(I've been waiting quite a while to post this one, but now is a great time as I'm just over a week out from IM Tahoe. The ramp up in training has led to some reflection on how far I've come, how much work I've put in, and the freakin' awesome road ahead. Shit is getting real.)
I used to watch fast runners and say, “they make it look so easy”, as if to disregard their hard work, intense focus, and effort. At times, I’d take it one step further and make excuses for why it looks effortless for them - and seriously taxing for me. I’d say “they’re only that fast because they’re like 30 pounds lighter than a normal human”. How absurd. In hindsight, I’m embarrassed to admit that I actually used to say these things to myself.
It’s embarrassing because about 4 years ago I started putting in the work to get faster, go further, be stronger, and it hurt. It hurt like hell. It didn’t get any easier. In fact, it got harder….and…I went faster. I pushed myself through so many mental barriers, so many tough miles, brutal stair workouts (see left), and hill repeats. It left scars, which have contributed to the evolution of what “easy” and “hard” means to me. Progress is difficult, it disguises itself in getting dropped on group rides, throwing up in the middle of a treadmill workout, blowing up in a race and feeling people’s doubt in you. But it also exposes itself when you least expect it, and you shatter a concept of what “fast” or “better” or “fitter” means for you.
SIDE NOTE - I don’t want it to seem like I’ve never put in work before. I was probably one of the most obsessed soccer players I knew growing up. Frequently convincing the coach to do extra fitness after practice, staying late to work on shooting, making my dad put extra lights up in the backyard so I could practice my “moves” late at night (nerd alert!). The work was constant, I loved every minute of it. But I also always understood soccer, I understood how much skill, fitness and focus it required to be talented. Endurance sports, on the other hand, were foreign to me. I had to get to know these sports before I could be truly humbled by them. And oh lordie did my opinion of myself drop immensely as I first began to pursue distance running and cycling. But I got faster (it didn’t get easier) and I gained confidence in the process of hard work translating into results.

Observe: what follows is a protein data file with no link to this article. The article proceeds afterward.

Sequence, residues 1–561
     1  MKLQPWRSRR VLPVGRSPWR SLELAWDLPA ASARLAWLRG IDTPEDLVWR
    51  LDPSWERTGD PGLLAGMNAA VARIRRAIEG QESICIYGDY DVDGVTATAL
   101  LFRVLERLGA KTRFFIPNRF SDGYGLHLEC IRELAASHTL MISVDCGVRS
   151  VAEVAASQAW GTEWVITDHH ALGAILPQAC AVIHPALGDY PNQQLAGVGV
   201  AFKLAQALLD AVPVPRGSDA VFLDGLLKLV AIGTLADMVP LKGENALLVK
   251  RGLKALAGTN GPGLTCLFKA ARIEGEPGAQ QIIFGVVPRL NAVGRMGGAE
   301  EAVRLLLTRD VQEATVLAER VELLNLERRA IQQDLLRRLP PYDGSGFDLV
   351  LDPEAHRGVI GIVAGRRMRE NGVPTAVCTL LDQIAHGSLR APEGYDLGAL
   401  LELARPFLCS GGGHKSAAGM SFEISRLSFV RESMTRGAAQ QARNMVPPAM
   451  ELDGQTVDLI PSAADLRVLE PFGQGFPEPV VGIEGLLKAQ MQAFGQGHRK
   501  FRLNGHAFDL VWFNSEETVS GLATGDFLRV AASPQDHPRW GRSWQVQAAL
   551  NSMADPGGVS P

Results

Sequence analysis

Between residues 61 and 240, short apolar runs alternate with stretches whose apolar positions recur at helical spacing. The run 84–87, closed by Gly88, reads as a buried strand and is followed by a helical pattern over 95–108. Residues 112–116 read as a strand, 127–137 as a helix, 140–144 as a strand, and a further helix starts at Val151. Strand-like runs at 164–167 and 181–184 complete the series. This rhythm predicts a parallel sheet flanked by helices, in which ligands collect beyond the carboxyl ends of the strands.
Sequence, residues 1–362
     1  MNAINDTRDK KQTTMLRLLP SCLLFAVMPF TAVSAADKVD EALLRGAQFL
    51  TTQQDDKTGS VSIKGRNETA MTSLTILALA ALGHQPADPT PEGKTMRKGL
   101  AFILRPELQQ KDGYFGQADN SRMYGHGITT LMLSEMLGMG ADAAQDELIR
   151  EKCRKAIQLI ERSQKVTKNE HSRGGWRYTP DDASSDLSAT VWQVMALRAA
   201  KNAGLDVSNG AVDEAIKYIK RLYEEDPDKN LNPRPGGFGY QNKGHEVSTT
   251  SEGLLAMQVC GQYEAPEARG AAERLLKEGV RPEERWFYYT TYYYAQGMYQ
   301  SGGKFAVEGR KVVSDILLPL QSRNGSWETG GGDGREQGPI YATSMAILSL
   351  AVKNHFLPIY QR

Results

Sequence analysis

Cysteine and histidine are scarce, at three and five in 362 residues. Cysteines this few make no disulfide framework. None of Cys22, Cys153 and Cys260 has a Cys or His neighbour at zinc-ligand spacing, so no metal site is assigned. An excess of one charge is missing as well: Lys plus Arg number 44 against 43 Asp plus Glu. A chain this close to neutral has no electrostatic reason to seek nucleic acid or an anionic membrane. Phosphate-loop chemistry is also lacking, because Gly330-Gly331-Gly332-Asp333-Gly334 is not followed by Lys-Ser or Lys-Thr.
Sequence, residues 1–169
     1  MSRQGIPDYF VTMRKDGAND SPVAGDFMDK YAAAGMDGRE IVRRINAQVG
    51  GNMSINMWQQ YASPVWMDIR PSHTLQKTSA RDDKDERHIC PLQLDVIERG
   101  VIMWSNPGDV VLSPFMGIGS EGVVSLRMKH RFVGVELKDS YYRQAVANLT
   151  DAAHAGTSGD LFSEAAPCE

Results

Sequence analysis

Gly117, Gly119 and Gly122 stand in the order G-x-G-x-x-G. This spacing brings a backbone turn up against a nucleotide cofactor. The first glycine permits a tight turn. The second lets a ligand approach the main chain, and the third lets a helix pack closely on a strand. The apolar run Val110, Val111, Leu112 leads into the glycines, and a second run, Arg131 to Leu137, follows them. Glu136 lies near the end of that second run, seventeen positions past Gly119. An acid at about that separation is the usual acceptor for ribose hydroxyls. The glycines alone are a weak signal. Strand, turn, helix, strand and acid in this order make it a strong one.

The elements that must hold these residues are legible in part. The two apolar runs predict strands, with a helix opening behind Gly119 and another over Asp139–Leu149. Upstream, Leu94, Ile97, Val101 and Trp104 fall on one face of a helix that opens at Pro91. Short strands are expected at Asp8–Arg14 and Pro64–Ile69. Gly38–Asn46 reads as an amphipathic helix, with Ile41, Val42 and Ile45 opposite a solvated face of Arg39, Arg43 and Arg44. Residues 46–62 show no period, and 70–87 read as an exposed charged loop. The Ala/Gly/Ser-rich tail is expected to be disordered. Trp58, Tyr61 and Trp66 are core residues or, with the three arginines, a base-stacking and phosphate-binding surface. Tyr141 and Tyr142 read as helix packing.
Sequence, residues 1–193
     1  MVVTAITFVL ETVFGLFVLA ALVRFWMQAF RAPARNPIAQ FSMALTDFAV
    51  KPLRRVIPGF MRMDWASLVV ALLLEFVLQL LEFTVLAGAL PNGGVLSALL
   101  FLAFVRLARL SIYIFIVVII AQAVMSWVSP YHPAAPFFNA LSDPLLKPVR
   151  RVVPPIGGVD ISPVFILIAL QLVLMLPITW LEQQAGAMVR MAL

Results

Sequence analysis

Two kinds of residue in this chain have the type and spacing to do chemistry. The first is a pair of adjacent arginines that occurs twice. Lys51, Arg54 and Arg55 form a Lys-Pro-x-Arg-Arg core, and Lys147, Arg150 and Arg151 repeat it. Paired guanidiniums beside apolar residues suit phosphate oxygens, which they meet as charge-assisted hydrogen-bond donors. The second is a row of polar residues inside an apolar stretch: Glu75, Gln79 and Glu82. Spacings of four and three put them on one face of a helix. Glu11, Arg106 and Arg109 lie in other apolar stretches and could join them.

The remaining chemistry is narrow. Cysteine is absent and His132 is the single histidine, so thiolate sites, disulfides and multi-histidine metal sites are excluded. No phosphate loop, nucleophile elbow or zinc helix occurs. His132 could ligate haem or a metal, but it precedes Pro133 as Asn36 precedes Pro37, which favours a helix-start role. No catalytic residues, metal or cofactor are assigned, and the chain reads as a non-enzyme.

As I was saying about progress…
I’m assuming we all know this already, but let us be reminded: progress does not happen to you. It is not a passive string of coincidental circumstances, it is a relentless process that takes commitment and borderline obsession. So the next time you see someone running, riding, walking, cross-fitting, putting in overtime at the office, anything….remember to respect their process. Respect the work that led up to their current effort and fight the urge you might have to diminish it. Take time to admire their progress. Hell, learn from it.
And if you still feel like some people have it better and it’s “easier” for them, here’s a saying that’s been hugely helpful throughout my training…brought to you be a well-known cyclist, Greg LeMond: “It never gets easier, you just go faster”. Never, never, never underestimate how hard the person ahead of you is working, it is not easier just because they are going faster.
To properly cite sources, I stumbled upon this gem of a quote in The Rules (see rule #10) of cycling. Some of them are ridiculous, and some are perfect metaphors for life. I encourage you to read them.